One can see the rationale for these new centers’ missions. It implies that this was work that the AMP-AD couldn’t do, and seems to be yet another step in the process. After these new centers do their work, what’s the next step after that?
Work done in clinical trials has not been encouraging. There have been a number of failures published this year, but at least that shows how hard people were trying. The newly submitted NIH ADRD budget for 2021 still has “Translational and Clinical Interventions” at only 32 percent of the pie graph. Remember, the National Alzheimer’s Project Act date for the goal of having a working therapy is 2025.
Cummings, Ritter, and Zhong wrote a detailed and thoughtful review last year of the complexity of doing clinical trials in dementia. Cummings had written about potential repurposing targets before and this year wrote about doing combination trials, but I like to remind folks that the first combination trials in childhood leukemia were done over 60 years ago, by J. Burchenal and others. It was a simpler time to do trials, of course, but progress was made.
The NIA Alzheimer Clinical Trial Consortium (ACTC), announced 20 months ago, initially hoped to have $70 million over five years to support clinical trials at 35 institutional sites. Already existing was the NIA AD Research Centers (ADRC) and the AD Cooperative Study group (ADCS).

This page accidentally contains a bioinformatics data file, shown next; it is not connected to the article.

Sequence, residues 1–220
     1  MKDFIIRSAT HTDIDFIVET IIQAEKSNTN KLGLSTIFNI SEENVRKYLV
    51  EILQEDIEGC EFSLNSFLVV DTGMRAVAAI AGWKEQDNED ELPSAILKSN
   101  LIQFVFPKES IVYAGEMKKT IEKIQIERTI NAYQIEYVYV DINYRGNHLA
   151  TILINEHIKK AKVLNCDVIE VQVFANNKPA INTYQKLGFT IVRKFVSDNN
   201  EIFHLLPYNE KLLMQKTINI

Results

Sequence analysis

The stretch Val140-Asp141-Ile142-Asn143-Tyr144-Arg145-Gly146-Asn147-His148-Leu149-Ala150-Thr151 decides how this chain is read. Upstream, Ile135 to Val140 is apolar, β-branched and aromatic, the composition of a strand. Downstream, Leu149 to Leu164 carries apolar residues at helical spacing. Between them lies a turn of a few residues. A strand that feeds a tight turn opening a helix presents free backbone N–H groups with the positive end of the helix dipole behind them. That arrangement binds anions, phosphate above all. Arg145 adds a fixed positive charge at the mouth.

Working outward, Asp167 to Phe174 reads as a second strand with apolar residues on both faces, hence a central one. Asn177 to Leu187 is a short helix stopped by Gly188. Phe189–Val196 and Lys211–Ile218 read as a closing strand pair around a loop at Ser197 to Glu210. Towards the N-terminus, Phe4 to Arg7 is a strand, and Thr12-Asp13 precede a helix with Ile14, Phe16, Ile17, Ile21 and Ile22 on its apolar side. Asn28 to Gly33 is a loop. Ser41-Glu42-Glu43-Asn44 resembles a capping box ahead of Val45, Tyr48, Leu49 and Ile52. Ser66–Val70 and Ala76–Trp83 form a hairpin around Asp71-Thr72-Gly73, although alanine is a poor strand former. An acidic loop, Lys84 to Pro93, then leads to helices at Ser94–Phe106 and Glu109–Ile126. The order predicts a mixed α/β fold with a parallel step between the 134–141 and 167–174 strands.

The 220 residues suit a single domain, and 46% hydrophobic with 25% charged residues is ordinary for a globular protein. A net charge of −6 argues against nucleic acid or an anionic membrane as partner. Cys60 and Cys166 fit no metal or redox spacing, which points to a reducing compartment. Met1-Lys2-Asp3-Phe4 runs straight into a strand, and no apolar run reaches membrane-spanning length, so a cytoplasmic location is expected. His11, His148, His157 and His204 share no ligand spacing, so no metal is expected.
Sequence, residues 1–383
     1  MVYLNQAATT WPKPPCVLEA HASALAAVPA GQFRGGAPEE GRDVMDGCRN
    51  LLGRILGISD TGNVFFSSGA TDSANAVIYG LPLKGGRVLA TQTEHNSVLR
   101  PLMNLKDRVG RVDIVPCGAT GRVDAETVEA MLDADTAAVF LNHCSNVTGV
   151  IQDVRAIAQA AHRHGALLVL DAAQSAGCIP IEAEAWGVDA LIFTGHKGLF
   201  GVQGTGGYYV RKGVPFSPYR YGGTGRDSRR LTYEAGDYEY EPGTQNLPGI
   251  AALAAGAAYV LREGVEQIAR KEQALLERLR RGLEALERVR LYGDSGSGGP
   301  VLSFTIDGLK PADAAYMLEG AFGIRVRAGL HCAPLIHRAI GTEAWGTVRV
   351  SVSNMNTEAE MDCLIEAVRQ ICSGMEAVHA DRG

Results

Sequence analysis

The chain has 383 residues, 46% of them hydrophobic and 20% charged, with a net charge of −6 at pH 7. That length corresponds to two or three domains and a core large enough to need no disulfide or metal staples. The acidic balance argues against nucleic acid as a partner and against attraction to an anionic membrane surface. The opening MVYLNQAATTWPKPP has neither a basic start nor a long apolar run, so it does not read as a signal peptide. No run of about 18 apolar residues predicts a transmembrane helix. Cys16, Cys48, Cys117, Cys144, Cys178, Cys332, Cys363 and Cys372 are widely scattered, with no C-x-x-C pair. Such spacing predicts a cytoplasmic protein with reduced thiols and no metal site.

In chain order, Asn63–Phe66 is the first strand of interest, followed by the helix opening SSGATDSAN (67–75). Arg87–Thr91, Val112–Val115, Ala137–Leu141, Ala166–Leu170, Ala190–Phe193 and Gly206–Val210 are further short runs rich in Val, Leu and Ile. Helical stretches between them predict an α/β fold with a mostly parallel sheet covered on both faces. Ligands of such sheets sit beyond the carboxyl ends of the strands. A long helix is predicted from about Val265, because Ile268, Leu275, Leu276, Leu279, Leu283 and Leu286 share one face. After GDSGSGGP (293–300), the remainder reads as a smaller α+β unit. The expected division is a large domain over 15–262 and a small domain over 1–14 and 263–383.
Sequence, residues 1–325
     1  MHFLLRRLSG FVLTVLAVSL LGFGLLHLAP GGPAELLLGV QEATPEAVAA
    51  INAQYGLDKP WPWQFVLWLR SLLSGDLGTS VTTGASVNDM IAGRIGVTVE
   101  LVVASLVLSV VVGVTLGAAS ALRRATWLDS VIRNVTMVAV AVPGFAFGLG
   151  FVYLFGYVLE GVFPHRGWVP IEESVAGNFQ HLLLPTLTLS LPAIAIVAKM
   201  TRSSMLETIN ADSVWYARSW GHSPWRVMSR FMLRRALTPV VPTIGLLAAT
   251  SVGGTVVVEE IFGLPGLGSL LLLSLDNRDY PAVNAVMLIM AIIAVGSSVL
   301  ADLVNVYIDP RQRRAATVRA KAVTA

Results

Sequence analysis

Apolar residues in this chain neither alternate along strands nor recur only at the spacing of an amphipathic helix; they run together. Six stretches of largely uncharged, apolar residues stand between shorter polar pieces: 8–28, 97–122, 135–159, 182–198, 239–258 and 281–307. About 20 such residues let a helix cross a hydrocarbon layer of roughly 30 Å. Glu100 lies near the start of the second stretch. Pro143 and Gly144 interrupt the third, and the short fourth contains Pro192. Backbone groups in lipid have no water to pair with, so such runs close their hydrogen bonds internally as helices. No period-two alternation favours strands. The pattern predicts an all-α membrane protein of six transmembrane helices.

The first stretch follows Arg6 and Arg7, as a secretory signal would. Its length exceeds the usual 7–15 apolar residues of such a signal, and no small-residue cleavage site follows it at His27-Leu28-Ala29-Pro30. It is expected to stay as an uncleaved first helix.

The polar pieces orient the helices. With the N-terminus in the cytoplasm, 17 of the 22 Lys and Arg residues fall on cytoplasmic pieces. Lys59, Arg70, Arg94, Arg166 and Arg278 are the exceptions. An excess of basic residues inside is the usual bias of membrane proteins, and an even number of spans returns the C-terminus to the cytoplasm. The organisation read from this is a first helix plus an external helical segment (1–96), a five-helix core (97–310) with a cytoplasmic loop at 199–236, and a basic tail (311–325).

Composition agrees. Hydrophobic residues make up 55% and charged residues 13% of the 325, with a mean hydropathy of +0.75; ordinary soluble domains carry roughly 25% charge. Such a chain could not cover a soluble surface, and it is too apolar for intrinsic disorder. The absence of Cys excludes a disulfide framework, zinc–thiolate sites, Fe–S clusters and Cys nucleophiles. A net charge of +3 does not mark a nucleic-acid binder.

It’s a bit unclear to me if there’s an overall coordination or overlap in this alphabet soup, as listed on the NIA website. Even in this era of open access to data, news outlets have reported a lawsuit over data sharing. In contrast, as I’ve written before, cancer has about 2000 sites, run by the National Clinical Trials Network with a budget of $150 million, supporting 17,000 patients on trials.
All this begs the question: even if one of the new drug discovery centers identifies a strong target tomorrow, how soon can an agent be developed, and by whom, and who would run a trial to test it in humans, and when could it ever get to a person who might need it?
This may all be predicated on the assumption that the pathological process in dementia is based on a single target. This whole construct might fail if the problem is a multi-hit, multi-cellular incremental process. Even with the elegant precision of CAR-T therapy for multiply relapsed childhood ALL now available, the primary initial goal for most of these children is to avoid relapse and achieve cure with standard combination chemotherapy. Because CAR-T therapy may not be durable, using myeloablative transplant is still a consideration. The approach is not precise, it has toxicity, but it works.
The deadline for AD and related dementias is six years away; as rational and precise as targeting might be, will researchers miss seeing the forest from the trees? We hope not; we sincerely hope the process is productive. Readers of this blog know what I think is missing: an overall comprehensive research strategy, outspoken clinical research leadership, a willingness to do empiric, repurposing, combination trials, and, most of all, a sense of urgency.
Ron Louie is a pediatric oncologist.
Image credit: Shutterstock.com